with lung disea-ses, such as asthma. Everyone should else should avoid prolonged or heavy outdoor 

“Hazardous” (greater than 300). This would trigger a health warning of emergency conditions. 
The entire population is more likely to be affected. Everyone should avoid all physical 
activity outdoors. 

Smog season officially ends on September 30, although high ozone levels may continue well into 
the fall, and other air pollu-tants can lead to unhealthy air quality during the rest of the year 

South Coast AQMD is the regulatory agency responsible for improving air quality for large areas 
of Los Angeles, Orange, Riverside and San Bernardino counties, including the Coachella Valley. 
For news, air quality alerts, event updates and more, please visit us at, download 
our award-winning app, or follow us on Facebook, Twitter and Instagram. 


Early Alert Signals Remind Us of the Need for Caution2,550 New Positive Cases and 4 New Deaths Due to COVID-19 
in Los Angeles County 

With Los Angeles County experiencing a high rate of transmission and cases steadily rising, 
Public Health encourages residents to use caution to avoid getting infected with COVID and 
transmitting it to others. 

Public Health continues to monitor community-wide and sector-specific indicators for early 
alerts that transmission and risk may be increasing. This week, although all of the County’s 
Early Alert Signals are of Low Concern except for the percentage of specimens sequenced 
that are identified as a new variant or subvariant of concern, many metrics are trending in the 
wrong direction. 

The highly contagious Omicron BA.2 subvariant is now identified in 88% of recent LA County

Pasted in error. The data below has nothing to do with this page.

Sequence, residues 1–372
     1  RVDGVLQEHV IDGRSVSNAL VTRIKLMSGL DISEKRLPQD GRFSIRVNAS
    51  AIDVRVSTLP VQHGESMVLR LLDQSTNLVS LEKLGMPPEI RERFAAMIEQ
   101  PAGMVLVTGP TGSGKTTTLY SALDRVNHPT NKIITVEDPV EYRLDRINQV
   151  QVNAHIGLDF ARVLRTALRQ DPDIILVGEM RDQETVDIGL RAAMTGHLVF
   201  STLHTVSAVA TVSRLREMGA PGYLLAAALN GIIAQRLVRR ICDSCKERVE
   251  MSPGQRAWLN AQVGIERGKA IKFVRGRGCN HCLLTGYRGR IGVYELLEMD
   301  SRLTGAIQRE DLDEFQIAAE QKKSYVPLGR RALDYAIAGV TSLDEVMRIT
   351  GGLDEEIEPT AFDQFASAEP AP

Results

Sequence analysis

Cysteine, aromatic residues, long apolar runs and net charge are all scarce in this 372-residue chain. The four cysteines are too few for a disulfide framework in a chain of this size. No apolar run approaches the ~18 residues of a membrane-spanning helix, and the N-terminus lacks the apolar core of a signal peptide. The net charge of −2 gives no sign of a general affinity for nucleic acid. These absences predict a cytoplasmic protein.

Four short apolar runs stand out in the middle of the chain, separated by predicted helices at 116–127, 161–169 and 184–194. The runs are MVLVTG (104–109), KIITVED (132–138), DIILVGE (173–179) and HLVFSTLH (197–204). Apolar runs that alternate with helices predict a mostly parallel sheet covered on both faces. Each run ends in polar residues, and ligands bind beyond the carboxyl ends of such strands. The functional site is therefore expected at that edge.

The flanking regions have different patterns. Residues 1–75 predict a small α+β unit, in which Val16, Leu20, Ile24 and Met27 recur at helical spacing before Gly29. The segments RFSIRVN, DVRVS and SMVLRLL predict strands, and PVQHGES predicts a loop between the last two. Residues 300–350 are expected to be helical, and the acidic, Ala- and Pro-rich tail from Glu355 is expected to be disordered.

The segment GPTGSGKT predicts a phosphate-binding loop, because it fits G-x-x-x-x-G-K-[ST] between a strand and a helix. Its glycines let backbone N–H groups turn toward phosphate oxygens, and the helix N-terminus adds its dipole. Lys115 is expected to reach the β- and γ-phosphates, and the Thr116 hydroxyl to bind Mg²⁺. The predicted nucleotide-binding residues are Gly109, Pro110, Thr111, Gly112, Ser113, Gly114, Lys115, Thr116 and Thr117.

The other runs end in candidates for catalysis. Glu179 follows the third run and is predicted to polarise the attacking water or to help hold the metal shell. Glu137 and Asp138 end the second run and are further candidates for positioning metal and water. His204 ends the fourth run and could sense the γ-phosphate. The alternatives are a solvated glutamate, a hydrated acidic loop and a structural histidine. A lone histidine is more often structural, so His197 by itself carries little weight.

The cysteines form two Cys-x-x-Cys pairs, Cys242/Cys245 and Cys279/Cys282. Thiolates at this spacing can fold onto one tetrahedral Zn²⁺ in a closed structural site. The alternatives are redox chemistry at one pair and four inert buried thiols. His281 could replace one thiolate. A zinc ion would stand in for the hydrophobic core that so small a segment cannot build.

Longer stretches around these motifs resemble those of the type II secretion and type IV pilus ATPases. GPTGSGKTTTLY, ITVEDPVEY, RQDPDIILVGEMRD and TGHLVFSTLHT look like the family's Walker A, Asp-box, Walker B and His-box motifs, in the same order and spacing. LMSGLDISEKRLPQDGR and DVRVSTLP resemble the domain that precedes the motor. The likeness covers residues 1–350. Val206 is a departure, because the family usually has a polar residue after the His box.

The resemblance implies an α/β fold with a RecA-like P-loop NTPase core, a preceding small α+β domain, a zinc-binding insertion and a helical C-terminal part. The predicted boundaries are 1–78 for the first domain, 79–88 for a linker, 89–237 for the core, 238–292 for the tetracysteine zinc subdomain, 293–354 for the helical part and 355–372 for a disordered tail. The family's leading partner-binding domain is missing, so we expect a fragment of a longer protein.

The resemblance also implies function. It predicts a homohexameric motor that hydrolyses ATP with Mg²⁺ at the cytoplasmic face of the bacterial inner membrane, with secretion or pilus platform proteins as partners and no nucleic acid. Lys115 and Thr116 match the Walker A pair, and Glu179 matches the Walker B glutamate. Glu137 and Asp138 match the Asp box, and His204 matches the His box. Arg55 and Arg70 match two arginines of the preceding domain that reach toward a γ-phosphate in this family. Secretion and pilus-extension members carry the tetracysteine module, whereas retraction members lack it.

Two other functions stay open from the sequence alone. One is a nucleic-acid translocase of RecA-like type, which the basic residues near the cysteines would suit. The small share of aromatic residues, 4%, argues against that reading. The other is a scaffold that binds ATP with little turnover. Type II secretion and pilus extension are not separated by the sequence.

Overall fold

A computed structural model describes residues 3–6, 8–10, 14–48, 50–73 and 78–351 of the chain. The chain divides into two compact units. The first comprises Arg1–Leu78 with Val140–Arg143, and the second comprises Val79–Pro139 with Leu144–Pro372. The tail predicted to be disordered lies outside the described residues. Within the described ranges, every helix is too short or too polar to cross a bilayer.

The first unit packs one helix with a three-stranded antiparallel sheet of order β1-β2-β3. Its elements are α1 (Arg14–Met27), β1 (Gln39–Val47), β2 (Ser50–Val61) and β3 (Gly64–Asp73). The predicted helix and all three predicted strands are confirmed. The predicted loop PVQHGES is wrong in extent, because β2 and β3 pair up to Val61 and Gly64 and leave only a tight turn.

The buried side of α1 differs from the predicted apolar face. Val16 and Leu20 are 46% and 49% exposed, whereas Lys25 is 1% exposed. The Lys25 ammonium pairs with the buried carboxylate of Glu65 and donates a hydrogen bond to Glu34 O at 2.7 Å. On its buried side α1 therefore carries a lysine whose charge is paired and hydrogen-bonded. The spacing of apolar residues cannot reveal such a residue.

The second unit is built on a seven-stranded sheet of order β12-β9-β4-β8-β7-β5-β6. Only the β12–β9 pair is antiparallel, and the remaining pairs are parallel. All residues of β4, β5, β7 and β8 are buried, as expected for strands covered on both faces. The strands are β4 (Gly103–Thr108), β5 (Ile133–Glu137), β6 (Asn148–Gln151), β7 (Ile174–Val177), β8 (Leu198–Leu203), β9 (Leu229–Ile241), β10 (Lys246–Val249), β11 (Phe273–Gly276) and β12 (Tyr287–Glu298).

samples – a slight increase from the prior week. Nationally, the BA.2 subvariant is the predominant 
lineage, although there is increasing circulation of a newly identified sub-lineage 
strain: BA.2.12.1. For the week ending April 2, the Centers for Disease Control and Prevention 
estimates that BA.2 accounted for 68% of sequenced specimens in the U.S., with BA.2.12.1 
accounting for approximately 29% of sequenced samples for that week. The BA.2.12.1 sub-
lineage is also estimated to be 20-30% more transmissible than BA.2, and it could quickly 
become the nation’s dominant strain. 

In Los Angeles County, 7% of sequenced specimens were identified as BA.2.12.1 for the week 
ending April 9, up from 3% for the prior seven-day period. The California Department of 
Public Health, through modeling estimates, anticipates that BA.2.12.1 will account for 50% of 
positive cases in California within a few days. 

Increasing concentrations of the SARS-CoV-2 virus in wastewater across LA County indicate 
rising community transmission. Public Health is monitoring wastewater concentration for 
four sewer systems across the County. At three sewer systems: the Los Angeles County Sanitation 
Districts, Joint Water Pollution Control Plant; the Los Angeles City Sanitation and Environment 
Agency; and the Los Angeles County Sanitation District’s Lancaster sewer system, 
there’s been a steady rise in average wastewater SARS-CoV-2 concentration. Las Virgenes 
Municipal Water Districts, whose wastewater surveillance covers part of the West Valley near 
the Ventura County border, has not recently seen a steady increase. 

Outbreaks in congregate living situations, such as Skilled Nursing Facilities (SNFs) and